We went back up (much work for Dottie, as my lungs don't allow me to do much to help propel my wheelchair) and ate some lunch as we dried out a bit, then she rolled me to the overlook of the American Falls. There is a new section of walkways they are completing that will get people much closer next year. I shot a few movies just to record the amazing sound of 150,000 gallons of water per second as it crashes onto the rocks below!

We made a loop around Goat Island on the Park Service trolley (equipped w/wheelchair lift, thankfully) then rode back past our intitial starting point to visit the overlook for the Horseshoe Falls, but it was much too long a "drop" to go down to actually see it (getting down would be easy enough, but there's no way Dottie could push me back up and it was much too far for me to walk, even with two bottles and cannula. I can do short distances that way, or flights of steps, but this would have been several footballs fields of long grade). My phone seems to do well until I zoom it past "medium" focal length, then it begins to distort, so I haven't included the photos of the Horseshoe Falls here. But if you ever get a chance to visit, it's sooooooo worth your time!

The next morning we were eastbound again for a little place south of Albany named Red Hook, NY-the home of the Old Rhinebeck Aerodrome. I'd first heard of it years ago when I saw Neil Armstrong visit there on a PBS series he did called "First Flights". Only a few minutes south of the route we usually take into Vermont, I'd never wanted to give up the family time to visit; it was always too precious and hard to get to spend it selfishly.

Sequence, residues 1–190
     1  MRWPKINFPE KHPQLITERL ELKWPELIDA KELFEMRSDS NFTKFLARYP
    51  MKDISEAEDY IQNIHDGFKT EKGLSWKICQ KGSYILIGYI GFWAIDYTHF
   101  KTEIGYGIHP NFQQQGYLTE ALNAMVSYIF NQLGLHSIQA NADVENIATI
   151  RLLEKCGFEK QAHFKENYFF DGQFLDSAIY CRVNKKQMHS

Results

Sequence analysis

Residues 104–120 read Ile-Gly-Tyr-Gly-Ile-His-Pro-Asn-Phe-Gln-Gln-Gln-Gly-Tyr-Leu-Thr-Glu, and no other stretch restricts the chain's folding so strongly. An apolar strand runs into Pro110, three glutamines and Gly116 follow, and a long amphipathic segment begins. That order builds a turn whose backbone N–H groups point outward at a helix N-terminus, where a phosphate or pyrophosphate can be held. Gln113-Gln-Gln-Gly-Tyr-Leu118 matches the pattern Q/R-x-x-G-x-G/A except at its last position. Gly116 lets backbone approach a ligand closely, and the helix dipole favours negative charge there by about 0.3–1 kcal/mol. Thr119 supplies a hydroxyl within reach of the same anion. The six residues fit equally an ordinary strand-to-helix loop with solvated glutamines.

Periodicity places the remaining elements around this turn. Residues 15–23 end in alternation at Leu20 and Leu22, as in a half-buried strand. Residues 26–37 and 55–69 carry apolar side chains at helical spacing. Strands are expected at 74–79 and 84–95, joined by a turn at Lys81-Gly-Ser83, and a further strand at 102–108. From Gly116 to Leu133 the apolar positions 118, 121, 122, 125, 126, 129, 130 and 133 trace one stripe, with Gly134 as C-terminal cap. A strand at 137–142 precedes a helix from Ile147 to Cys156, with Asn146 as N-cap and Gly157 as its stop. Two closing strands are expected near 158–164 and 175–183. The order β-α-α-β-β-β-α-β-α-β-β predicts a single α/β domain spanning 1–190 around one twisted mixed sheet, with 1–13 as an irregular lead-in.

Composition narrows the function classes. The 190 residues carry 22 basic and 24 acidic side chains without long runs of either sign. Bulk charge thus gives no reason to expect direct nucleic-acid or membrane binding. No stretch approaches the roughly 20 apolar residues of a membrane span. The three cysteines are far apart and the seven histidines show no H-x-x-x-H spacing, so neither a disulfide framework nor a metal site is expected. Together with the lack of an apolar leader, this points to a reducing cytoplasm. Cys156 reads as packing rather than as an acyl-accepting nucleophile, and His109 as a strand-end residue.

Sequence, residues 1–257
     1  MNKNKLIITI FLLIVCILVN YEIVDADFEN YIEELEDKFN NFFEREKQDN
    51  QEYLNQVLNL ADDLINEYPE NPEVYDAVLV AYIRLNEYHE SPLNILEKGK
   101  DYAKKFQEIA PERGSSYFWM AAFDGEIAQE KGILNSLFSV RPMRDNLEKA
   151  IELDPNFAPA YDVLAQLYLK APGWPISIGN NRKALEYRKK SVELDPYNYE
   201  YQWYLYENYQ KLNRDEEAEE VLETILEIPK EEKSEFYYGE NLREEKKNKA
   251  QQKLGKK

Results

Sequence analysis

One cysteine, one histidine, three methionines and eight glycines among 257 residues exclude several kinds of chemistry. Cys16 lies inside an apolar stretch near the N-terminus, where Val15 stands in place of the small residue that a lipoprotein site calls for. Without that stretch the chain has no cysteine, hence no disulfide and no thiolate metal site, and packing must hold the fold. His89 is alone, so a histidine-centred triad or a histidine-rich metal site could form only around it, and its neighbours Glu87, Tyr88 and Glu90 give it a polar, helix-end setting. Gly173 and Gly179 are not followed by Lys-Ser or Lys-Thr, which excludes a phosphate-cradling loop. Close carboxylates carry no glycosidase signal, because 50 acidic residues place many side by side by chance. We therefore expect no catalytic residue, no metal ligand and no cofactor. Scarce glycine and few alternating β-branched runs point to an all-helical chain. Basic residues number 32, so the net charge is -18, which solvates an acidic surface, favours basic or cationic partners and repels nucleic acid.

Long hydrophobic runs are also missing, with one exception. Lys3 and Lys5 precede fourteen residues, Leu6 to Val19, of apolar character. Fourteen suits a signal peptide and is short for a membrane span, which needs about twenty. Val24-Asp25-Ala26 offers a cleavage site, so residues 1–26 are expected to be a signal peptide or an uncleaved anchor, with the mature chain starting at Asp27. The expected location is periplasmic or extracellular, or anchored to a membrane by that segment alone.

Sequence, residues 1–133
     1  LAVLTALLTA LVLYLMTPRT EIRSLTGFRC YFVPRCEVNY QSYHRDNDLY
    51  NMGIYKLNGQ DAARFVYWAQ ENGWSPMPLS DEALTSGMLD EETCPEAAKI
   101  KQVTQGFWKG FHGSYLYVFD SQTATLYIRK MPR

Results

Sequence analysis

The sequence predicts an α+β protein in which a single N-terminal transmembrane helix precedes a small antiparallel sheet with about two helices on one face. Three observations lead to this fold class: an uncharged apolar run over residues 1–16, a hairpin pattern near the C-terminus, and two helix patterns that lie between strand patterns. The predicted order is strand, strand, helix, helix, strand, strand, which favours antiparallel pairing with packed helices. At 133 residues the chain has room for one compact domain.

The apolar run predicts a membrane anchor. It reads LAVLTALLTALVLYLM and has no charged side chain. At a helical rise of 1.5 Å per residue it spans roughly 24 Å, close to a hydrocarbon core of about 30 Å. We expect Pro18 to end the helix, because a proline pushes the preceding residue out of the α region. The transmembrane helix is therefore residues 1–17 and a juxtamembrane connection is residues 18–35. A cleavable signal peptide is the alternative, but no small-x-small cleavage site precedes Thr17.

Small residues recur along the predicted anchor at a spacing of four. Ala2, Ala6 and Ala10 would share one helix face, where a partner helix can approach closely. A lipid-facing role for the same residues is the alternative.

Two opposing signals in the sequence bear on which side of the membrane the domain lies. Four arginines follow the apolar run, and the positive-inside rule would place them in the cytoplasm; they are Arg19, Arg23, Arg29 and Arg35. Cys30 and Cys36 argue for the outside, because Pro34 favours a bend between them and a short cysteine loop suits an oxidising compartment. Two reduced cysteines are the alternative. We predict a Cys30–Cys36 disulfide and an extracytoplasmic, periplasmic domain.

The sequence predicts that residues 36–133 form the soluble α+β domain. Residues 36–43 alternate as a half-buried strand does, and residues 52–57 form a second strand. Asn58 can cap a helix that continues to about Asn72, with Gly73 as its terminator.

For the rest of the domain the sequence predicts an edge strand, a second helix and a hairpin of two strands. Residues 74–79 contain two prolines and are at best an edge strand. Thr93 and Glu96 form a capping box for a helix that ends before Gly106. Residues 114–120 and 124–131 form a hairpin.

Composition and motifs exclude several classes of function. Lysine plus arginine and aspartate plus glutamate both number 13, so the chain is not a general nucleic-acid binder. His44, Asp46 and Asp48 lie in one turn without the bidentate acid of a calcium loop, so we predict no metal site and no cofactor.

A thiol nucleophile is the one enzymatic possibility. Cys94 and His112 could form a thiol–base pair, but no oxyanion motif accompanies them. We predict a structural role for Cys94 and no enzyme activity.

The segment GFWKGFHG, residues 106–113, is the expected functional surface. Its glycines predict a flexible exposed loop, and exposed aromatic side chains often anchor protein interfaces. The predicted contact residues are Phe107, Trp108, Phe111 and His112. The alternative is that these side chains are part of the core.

Up early on Saturday we visited their museum hangars and the gift shop that lie across the road and up the hill from the main aerodrome. We got back to the grounds in time to get some lunch and get seats as they started flying at 2PM. The Saturday air show was pre-WWI to pre-WW2 aviation. One of the first things up, as it was a calm day was them flying an original Bleriot monoplane with original motor!

They only take her up about knee-high off the ground, as they don't want to take a chance on anything happening to her, but to listen to her as she taxis and see the ease with which she does take off makes her seem much younger than her 100 years!

Other pre-war aircraft flew, one taxied and gave control demonstrations of some of the early "less intuitive" systems that were in use before everyone settled on one. (Remember Beta vs. VHS? Try it when your life is in your hands!)

Another bit of loveliness for me is to be so cold to lovely old motors like the Curtiss OX-5 in the pusher above. Notice that the valves and rockers are all out in the breeze? Meaning their oil is as well? Motorcycles and early cars were the same old Harley or Indian will waterproof you nicely from the waist down! The early pilots wore goggles as much to keep the oil from their eyes as other debris...

Many cars, a few motorcycles, a WWI Renault tank...all running are among the other vehicles on display. The airshow on Saturday closed with a lovely Stearman biplane "wringing it out" for the crowd. Before and after the airshow there is a biplane offering rides over the countryside. I begged Dottie to go so she could come back and tell me about it, but she wouldn't because she said it wouldn't be fair. 

We actually had a sit down dinner that night instead of "road food", then a good night's sleep (after we bought wire ties to fix my wheelchair as it didn't like its off road experience). The next day, up early and back to visit the buildings and displays at the lower end by the airfield and talk to one of the owner/builder/pilots who was kind enough to take me "under the rope" and give me a personal tour of his DeHavilland biplane. (Built in a 2nd story Manhattan apartment!)